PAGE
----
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Enjoy the course!
Hi, I am Christoph.
Welcome to the Master Go course, great to have you here.
Whatever reason you had for choosing to learn Go, it certainly was the right decision. Go is a fantastic programming language, and this course enables you to explore the full potential of this language.
Let me give you a quick overview of this course.
This course is divided into five sections that build upon each other, and I recommend working through this course in a linear fashion in order to take the most out of it.
The first section is about installing and setting up Go, up to the point where we run our first small “Hello World” application.
Section 2 introduces basic language concepts, from variables to control structures to functions and error handling. In this section, you get a first glimpse of Go’s simple and intuitive syntax that is really free of any “magic” and thus makes it really easy to read Go code. By the end of this section, you should already be able to write simple command-line applications in Go.
Section 3 takes a closer look at the complex data types in Go, like slices, maps, structs, and interfaces. All of these contribute to the expressiveness of Go that enables you to turn your ideas into clear code without much boilerplate coding. Powerful data types, however, also have the potential of being used in a wrong way, so we are keeping an eye on pitfalls and anti-patterns that might occur and we will learn how to avoid these.
In Section 4 we examine the way Go helps you managing projects. We will see how to organize code into packages, how the Go toolchain works, how to use Go’s built-in unit testing, and how to create API documentation right from the source code. Go’s comprehensive set of command-line tools is indeed another feature that Go is known for. Whether compiling, downloading libraries, auto-formatting source code, running unit tests and benchmarks, or managing code dependencies, the Go tools are so easy to use that many Go programmers favor using a code editor and a shell over a full-blown IDE.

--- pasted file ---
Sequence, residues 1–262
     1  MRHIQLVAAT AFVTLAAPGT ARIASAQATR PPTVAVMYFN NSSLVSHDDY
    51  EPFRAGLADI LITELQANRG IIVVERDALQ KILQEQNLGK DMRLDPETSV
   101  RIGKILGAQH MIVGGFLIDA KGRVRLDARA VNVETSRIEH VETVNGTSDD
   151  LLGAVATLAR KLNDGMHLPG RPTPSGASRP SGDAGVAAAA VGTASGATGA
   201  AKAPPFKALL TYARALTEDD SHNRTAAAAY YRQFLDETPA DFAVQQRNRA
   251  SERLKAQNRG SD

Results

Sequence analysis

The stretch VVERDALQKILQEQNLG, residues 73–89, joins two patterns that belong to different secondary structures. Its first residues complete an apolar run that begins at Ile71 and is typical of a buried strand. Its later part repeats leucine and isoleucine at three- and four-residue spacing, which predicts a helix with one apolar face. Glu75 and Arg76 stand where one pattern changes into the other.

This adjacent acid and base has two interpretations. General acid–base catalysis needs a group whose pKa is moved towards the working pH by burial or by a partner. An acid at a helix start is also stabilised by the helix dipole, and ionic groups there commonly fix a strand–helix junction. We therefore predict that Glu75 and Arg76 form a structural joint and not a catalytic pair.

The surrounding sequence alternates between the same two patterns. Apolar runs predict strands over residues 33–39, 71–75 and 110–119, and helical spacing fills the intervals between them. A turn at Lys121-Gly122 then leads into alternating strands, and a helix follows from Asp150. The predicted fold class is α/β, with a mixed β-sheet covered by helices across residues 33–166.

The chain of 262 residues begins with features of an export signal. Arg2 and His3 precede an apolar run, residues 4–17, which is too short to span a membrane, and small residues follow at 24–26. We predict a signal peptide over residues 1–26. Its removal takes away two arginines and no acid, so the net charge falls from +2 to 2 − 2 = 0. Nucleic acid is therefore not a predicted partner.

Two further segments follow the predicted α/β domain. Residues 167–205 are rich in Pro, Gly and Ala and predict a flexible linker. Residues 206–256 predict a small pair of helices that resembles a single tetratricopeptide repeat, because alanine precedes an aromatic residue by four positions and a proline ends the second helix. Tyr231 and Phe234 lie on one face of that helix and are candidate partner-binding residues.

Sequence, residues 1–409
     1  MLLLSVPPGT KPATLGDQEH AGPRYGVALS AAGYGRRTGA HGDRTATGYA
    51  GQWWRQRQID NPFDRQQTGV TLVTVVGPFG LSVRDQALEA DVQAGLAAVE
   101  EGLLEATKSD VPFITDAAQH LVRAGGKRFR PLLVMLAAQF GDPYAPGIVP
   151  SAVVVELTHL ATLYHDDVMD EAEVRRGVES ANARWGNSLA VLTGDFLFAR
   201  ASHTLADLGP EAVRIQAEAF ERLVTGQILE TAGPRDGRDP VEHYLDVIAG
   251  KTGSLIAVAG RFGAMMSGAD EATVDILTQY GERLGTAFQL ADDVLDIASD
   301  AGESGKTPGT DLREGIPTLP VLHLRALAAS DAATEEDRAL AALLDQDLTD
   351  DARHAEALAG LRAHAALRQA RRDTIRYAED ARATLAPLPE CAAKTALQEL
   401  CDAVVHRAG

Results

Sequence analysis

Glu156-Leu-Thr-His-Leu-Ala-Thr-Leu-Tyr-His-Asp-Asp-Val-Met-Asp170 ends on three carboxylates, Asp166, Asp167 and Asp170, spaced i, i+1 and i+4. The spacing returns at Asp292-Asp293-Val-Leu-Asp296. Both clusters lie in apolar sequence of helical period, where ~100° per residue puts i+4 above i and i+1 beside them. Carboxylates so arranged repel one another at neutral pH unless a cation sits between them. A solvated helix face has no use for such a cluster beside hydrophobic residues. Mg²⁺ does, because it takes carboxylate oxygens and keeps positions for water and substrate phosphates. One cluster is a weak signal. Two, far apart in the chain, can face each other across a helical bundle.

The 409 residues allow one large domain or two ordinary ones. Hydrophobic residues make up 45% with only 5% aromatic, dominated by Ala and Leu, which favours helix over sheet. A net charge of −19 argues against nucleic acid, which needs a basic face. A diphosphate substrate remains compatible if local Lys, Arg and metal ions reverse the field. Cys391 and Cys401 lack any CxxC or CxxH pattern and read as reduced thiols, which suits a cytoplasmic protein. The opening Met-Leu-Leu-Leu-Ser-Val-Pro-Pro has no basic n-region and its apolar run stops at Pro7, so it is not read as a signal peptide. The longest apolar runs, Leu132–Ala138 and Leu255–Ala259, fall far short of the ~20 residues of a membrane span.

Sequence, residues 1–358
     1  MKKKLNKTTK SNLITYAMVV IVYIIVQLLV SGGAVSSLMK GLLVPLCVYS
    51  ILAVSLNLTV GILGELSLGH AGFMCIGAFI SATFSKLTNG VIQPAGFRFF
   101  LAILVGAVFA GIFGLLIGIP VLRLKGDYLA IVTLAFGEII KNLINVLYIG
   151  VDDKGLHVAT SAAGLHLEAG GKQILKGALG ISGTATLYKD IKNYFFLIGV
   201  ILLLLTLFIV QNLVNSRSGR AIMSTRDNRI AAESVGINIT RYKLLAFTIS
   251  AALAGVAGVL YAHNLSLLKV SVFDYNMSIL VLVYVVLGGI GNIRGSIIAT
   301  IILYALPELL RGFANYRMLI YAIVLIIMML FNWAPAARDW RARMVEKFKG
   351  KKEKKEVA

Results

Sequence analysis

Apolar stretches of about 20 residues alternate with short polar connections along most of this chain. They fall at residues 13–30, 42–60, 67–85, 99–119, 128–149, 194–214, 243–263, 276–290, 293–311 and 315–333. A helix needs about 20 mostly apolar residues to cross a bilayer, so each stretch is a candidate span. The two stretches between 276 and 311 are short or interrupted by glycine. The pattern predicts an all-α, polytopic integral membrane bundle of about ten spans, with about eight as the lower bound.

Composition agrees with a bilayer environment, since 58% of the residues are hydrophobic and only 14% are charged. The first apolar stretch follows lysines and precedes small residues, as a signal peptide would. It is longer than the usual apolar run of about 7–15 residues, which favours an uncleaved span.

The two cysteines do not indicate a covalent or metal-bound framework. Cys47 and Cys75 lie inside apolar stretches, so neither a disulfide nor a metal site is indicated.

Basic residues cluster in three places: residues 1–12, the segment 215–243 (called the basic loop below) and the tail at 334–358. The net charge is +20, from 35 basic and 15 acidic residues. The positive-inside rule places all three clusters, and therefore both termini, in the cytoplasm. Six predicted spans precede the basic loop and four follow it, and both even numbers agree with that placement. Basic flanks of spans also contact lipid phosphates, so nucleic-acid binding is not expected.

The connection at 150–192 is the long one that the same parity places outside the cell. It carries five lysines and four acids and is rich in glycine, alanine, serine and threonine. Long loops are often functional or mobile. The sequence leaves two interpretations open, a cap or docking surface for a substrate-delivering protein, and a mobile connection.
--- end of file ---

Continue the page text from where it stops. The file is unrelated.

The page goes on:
The last section covers advanced topics, like Go’s support of concurrency, reflection and more. Go’s concurrency support is another feature Go is famous for. The so-called goroutines allow to run parts of the code independently from the rest of the application, and channels allow to pass values between goroutines without having to worry about shared memory access.
Watching, listening, and reading, however, is only one part. They say that students who do best are those who are curious and engaged, and how can you better engage than by constantly testing and deepening what you have learned. Here is how this course helps you doing this:
So watch, listen, and read to gain knowledge; then exercise and discuss questions to turn that knowledge into skills. And if you keep up with this, then by the end of this course you’ll be able to approach your first larger project with confidence.